Let’s kill our thieves, and let’s kill them publicly. Kill them in broad daylight, and in the full glare of the cammeras, In Uhuru Park, Nyayo National Stadium or anywhere we choose.

If this will be the best path to ending the chronic public looting, then so be it.

The day I pleaded for mercy in the hands of Nairobi prostitutes

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Commercial sex workers [COURTESY]

I had just completed college and was staying with my relatives in Eastlands, trying to find something to do in the city.

Still new to the town life, the only place I knew too well, then being the iconic Ambassadeur Hotel, off Tom Mboya Street and Moi Avenue. This day I had gone to meet a relative who would receive my documents, to try to as a friend to ask his friend’s friend to inquire for places I would apply for a job. It was mid-morning.

That was before Mututho liquor laws. Bars were open 24/7. While standing at Ambassadeur area, waiting for my future benefactor who was taking long, I felt the need to go for a short call. Being not too naive and not too wise, walking by the doors of the congested business premises, I saw the image of a yellow smiling elephant on a door with the usual trademark words, Tusker Baada ya Kazi (Take a Tusker Lager, after work).

I concluded that was a bar. My father had advised being careful when passing water in Nairobi. If I went to the city, he advised that I use public toilets if I had the money or go to the nearest bar or bear with the situation till I go home. Unlike in the countryside where we peed in the bushes or wayside, things were different in Nairobi. One would be arrested by the city askaris if found urinating carelessly.

I, therefore, scaled the stairs of one bar opposite KenCom and on reaching the first floor, I met some attractive women. The yellow-yellow type, scantily dressed, sauntering sensuously and rotating their rich-round behinds. Their ages and sizes varied. The makeup they had used emphasized their magnificence, their designer perfumes made the air sexy. I had never seen anything like it.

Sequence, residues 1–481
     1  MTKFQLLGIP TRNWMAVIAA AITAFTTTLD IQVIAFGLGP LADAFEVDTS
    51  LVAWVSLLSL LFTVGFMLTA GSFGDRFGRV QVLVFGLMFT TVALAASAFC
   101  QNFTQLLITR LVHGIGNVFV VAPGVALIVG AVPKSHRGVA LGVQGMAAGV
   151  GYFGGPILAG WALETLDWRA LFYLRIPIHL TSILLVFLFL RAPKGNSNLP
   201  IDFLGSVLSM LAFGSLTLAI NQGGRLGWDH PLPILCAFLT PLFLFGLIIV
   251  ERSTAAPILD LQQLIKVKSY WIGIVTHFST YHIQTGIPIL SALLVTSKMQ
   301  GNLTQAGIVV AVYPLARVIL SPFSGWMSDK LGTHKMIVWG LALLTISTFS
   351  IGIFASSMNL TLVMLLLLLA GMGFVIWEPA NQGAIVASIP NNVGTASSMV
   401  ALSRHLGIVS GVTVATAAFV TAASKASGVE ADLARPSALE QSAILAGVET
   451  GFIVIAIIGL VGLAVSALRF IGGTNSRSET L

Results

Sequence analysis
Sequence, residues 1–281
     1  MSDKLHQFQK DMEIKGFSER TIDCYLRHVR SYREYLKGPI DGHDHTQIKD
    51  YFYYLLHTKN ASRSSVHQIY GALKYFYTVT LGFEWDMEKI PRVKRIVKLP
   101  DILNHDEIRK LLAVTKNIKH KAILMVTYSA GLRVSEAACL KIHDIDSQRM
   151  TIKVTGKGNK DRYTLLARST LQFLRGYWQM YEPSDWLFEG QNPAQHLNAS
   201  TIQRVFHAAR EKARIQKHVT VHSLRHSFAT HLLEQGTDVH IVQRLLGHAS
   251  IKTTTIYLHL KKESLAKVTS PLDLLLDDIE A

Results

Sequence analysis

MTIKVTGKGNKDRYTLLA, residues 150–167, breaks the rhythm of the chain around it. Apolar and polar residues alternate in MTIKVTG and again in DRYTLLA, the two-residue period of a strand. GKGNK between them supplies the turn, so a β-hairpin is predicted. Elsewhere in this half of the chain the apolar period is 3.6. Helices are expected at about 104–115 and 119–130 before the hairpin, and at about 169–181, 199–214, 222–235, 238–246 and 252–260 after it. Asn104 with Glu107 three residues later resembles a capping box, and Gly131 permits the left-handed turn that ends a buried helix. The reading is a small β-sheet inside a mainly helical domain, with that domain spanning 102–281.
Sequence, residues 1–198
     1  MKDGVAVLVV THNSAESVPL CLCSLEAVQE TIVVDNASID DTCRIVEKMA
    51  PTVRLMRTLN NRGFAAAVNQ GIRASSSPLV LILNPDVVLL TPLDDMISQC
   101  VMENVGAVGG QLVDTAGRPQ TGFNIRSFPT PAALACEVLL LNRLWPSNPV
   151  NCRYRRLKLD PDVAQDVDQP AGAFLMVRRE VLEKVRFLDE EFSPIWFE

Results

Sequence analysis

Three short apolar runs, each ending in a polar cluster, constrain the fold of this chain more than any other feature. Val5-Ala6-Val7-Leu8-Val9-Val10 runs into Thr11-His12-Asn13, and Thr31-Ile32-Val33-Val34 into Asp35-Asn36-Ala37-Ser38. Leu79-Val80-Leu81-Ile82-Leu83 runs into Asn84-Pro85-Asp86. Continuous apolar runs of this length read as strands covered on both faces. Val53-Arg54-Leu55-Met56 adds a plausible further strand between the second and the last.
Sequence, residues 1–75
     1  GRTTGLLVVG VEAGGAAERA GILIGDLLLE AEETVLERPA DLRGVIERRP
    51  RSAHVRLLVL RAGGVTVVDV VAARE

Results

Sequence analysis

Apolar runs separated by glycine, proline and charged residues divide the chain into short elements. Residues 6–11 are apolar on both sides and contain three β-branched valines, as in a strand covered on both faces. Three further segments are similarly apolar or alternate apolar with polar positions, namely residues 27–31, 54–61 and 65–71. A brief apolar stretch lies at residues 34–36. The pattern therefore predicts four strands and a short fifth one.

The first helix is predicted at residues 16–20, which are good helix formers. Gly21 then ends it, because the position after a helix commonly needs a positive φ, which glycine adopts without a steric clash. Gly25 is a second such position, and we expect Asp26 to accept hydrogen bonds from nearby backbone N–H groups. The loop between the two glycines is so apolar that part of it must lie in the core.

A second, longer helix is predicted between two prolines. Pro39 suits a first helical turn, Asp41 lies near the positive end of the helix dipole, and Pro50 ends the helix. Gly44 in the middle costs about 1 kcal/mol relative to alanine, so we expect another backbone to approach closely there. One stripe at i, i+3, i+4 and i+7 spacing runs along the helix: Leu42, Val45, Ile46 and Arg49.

When my eyes met those of one round light skin, she pulled me towards her. Before I could decipher what was going on, another bubbly, equally stunning beauty had grabbed me towards her chest. Mmmmh! The perfume was nice. “So this are prostitutes,” I thought to myself.

In a split second four stunning ladies had held me tightly. “He’s mine, leave him!” One of them who had cat eyes said. “No! He’s mine!” interjected another. “Come we talk, we’ll agree, how much do you have? I will give you the best game,” asked another.

All this while I was trembling. I had heard and read stories about women forcing men to have sex with them. Women raping men. That prospect made me fear the more, given that contracting HIV/AIDS would be a possibility since these were strangers. The men who were nearby seemed to enjoy the scenario, flirting casually with those ladies while some laughed at me.

Out of nowhere, I squealed like a wounded Moran. Tears welling down my cheeks, I shouted begging, “Please, please… leave me alone!” They suddenly left me but not before administering some soft kicks and slaps.

“Woishe! Leave him. The poor guy has nothing,” one of them pleaded to her ‘hungry’ colleagues.

Driven by fear and terror, I vanished from that place like thin air, even the short call disappeared miraculously!

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Is Raila Odinga the champion of post colonial liberty, or an overated populist?

By Mwalimu Miruka



I have never written anything about one Raila Amolo Odinga, neither am committing myself to the job of chronicling about his political journey and times, since am not his biographer. Am just a budding writer and journalist. However, my eyes and ears cannot miss to analyze the events and conversations surrounding this big man who has influenced the political narrative in Kenya for close to three decades like a colossus and his larger than life fame.